Will PBM Consolidation Result in Decreased Costs of Prescription Drugs?

 

With Cigna Corporation announcing to buy Express Scripts and CVS announcing to merge with Aetna, the two largest Pharmacy Benefit Managers (PBMs) in the United States are slated to undergo a structural change. Will this change result in prescription drug cost savings for consumers and providers? How can employers and insurers ensure that the consumers and providers realize this cost relief?

 

Increasing PBM Consolidations and Pharmacy Cost

While health care continues to be the talk-of-the-day, the increasing cost of prescription drug benefits dominates the health care headlines. To understand the significance of these stories, we need a quick tutorial on “What is a PBM?” PBMs or Prescription Benefit Management (PBM) are companies that provide a host of services to manage prescription drug benefits. This includes, but is not limited to, claims processing and payment, pharmacy network contracting, drug formularies, negotiating discounts and rebates with pharmaceutical companies, and more importantly, determining reimbursement rates for pharmacies and consumer costs.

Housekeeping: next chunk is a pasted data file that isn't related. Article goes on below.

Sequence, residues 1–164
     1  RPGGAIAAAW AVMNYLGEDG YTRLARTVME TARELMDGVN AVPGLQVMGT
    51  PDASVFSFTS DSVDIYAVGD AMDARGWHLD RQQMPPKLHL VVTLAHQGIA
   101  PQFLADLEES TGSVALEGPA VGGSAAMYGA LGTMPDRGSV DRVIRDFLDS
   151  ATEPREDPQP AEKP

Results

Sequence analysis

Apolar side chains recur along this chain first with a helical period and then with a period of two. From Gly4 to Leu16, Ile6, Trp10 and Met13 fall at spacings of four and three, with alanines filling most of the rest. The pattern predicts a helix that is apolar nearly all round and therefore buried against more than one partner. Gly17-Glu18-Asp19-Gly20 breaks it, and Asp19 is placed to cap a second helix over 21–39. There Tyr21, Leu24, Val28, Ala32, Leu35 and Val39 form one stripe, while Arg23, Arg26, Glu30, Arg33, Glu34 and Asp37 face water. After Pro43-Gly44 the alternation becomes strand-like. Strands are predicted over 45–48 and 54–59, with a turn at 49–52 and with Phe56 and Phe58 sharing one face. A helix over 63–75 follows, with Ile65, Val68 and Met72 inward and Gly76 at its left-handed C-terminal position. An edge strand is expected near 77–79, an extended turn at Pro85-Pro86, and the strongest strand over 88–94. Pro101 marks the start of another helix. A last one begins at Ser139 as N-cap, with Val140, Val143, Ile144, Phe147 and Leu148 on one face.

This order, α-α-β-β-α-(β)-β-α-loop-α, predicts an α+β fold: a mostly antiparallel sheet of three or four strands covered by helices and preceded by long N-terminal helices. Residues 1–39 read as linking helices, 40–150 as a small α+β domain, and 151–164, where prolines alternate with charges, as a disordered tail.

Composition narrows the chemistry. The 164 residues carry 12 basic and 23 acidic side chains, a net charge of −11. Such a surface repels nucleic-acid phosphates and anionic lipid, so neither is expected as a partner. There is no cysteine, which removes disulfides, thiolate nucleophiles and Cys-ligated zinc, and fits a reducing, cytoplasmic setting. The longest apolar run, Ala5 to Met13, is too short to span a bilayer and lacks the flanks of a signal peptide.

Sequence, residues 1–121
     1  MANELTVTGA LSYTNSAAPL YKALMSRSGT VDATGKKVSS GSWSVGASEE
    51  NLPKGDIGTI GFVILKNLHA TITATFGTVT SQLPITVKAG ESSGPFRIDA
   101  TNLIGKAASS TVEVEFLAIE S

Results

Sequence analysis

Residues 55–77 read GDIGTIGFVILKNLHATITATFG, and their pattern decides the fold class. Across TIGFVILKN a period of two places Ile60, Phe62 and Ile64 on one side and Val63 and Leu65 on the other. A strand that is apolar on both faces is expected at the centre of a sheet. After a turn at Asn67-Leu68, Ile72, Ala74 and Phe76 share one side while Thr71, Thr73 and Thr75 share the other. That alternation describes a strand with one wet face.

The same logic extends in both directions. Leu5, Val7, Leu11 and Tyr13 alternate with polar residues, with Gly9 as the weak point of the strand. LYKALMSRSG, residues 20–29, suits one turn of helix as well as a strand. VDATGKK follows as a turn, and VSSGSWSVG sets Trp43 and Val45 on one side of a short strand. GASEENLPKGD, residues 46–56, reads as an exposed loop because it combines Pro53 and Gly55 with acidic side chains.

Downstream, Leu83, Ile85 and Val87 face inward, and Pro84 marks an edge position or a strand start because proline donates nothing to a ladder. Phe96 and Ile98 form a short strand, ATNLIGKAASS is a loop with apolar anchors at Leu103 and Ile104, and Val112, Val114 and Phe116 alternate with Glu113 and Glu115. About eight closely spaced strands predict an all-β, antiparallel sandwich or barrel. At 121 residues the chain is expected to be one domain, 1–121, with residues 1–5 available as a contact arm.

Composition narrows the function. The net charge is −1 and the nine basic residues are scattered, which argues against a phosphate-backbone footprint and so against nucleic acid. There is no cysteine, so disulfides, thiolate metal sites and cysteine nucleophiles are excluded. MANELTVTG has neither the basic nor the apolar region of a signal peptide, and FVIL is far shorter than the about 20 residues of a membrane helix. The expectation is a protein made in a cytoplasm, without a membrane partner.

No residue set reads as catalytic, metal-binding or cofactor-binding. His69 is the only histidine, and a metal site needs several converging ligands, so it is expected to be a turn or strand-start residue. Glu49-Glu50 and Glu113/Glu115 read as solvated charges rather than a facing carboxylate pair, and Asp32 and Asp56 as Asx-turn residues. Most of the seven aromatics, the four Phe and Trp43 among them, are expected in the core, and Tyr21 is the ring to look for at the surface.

Over the last ten years, there has been a significant increase in PBM mergers and acquisitions. Some of the larger player, such as CVS, Express Scripts and Optum Rx, have acquired some of the most familiar names in the pharmaceutical arena. For instance, in 2013, CVS acquired Coventry Health Care; in 2012 Medco Health Solutions, Inc. was acquired by Express Scripts; and, in 2015, Catamaran was acquired by Optum Rx. Fast forward to 2018, and we are seeing even larger mergers occur with CVS’ announcement to merge with Aetna and Express Script’s announcement to merge with Cigna. If approved, these mergers will give these PBMs increased functionality with access to health insurance functions. Not only will it eliminate the need for third party relationships, but it introduces best practices for processing claims, managing health outcomes and hopefully, some reduction in drug benefit costs. Of note is that Optum Rx is already under the United Healthcare umbrella. Are we seeing the new wave of the future, where PBMs not only control the drug benefits but have a direct impact on the delivery of healthcare benefits as well?